Connect with Isthmus:         Newsletters 

Wednesday, March 4, 2015 |  Madison, WI: 16.0° F  A Few Clouds
The Daily


21 Jump Street takes an inspired approach to recycling

What do we really expect at this point from movies that cash in on nostalgia for old TV shows, cartoons, toys and board games? Every once in a while, a filmmaking team comes up with a quirky enough perspective that the revival of a title seems not just forgivable, but almost inspired. >More
 A man fumbles with the divine in Jeff, Who Lives at Home

Co-directors Mark and Jay Duplass filmed Jeff, Who Lives at Home in their native New Orleans and its surrounding areas, but they mostly abstain from framing more scenic places and promenades. Instead, they favor the lusterless, eyesore environs of contemporary American life: a chain motel, a Hooters bar, a chain-linked basketball court, the breakfast table of a limply appointed apartment. >More
 John Carter gives familiar sci-fi material a spark of energy

John Carter could tip the scales over to silly, but it somehow manages to stay just on the right side of fun. Adapting Edgar Rice Burroughs' novel A Princess of Mars, director Andrew Stanton (Wall-E) and his co-screenwriters (including novelist Michael Chabon) introduce us to Capt. John Carter (Taylor Kitsch), a Confederate Civil War veteran whose death in 1881 brings his nephew Ned (erstwhile Spy Kid Daryl Sabara) to New York for a reading of his will. >More
 A community comes together in Le Havre

A fulsome optimism has crept into the world of Aki Kaurismäki, the Finnish director whose films have always been marked by their distinctive blend of deadpan humor and quotidian melodrama. To Kaurismäki's panoply of underdogs, outsiders and bohemians, Le Havre now adds a sense of people's willingness to do good. >More
 Affluent New Yorkers duke it out in Carnage

Roman Polanski's entertaining Carnage gestures at sharp satire, but I'm not entirely satisfied with the big insight. The film begins with a bloody confrontation between kids on a playground. Later, a glib corporate lawyer named Alan (Christoph Waltz) says, "I believe in the god of carnage," and then he talks smugly about the horrific strife in Congo, where the combatants include child soldiers. >More
 We Need to Talk About Kevin profiles a demon child

Based on Lionel Shriver's 2003 novel, We Need to Talk About Kevin is a hybrid, and not an appealing one. Lynne Ramsay's film has horror elements, but it lacks the gleeful, bloody guilelessness of that genre. At the same time, it's not the nuanced indie drama it aspires to be. >More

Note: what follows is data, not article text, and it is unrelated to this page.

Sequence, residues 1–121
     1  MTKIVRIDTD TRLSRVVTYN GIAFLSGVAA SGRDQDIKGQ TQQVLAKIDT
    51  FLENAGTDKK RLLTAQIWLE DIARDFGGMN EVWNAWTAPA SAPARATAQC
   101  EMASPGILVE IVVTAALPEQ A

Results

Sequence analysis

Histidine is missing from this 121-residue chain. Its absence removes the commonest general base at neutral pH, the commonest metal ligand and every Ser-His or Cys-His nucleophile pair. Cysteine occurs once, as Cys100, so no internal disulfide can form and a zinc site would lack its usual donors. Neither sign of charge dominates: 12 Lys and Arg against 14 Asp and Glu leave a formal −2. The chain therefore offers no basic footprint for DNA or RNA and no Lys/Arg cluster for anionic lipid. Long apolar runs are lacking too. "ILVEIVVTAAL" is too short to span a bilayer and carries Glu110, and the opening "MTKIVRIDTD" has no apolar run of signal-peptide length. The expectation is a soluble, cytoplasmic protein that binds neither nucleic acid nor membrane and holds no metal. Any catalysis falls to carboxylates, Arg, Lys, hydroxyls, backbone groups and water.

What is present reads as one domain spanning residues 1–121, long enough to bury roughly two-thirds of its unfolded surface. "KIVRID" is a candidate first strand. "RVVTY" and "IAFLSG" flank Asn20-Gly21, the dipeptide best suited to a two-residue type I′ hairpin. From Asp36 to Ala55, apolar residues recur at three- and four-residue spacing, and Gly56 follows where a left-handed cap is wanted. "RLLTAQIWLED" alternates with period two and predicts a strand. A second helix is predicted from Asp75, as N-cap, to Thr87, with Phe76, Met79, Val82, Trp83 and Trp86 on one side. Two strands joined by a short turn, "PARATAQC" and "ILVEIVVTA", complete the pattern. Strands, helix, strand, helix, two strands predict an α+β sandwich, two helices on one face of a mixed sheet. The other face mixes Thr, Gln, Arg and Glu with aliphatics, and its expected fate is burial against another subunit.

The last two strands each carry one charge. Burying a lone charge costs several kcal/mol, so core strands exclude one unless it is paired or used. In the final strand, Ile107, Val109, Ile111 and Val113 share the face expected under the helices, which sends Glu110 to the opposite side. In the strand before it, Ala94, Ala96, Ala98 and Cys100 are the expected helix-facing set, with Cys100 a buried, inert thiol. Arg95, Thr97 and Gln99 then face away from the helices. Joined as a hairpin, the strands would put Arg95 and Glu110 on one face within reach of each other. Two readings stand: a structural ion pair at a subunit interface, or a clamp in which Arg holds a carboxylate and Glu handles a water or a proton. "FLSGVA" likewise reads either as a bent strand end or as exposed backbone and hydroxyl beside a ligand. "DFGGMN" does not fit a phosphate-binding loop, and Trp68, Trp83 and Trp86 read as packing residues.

Wisconsin's silent film era: The Badger State was home to a host of cinema pioneers

Despite critical and popular success for Oscar darling The Artist, the silent film era remains for many a dim, flickering curiosity. Perhaps those early Hollywood days would be more real if we knew that studio chiefs and countless silent stars were our neighbors. >More
 A Separation charts the despair of two families

Everything in A Separation hangs on one moment. It's very quick. An enraged man and woman are fighting. She is struggling to get into his apartment, and he is struggling to get her out. Then she is gone, the door is closed, and the moment is over. >More
 Act of Valor is authentic but uninvolving

Plenty of movies let you know fairly quickly that they're going to be excruciating. Far rarer is something that starts out excruciating, then becomes fascinating. And rarer still is a movie that, after making that 180-degree turn, pivots back to unbearable again. That's the curious experience of watching Act of Valor, a military thriller that prominently advertises that many of its "actors" are, in fact, active-duty Navy SEALs. >More
 Agents vie for romance in empty This Means War

It has taken decades of watching and writing about movies, but This Means War might have finally helped me articulate what feels like a fundamental rule about would-be escapist entertainment: The more preposterous the situation at the center, the more genuine the characters need to be. >More
Select a Movie
Select a Theater

Promotions Contact us Privacy Policy Jobs Newsletters RSS
Collapse Photo Bar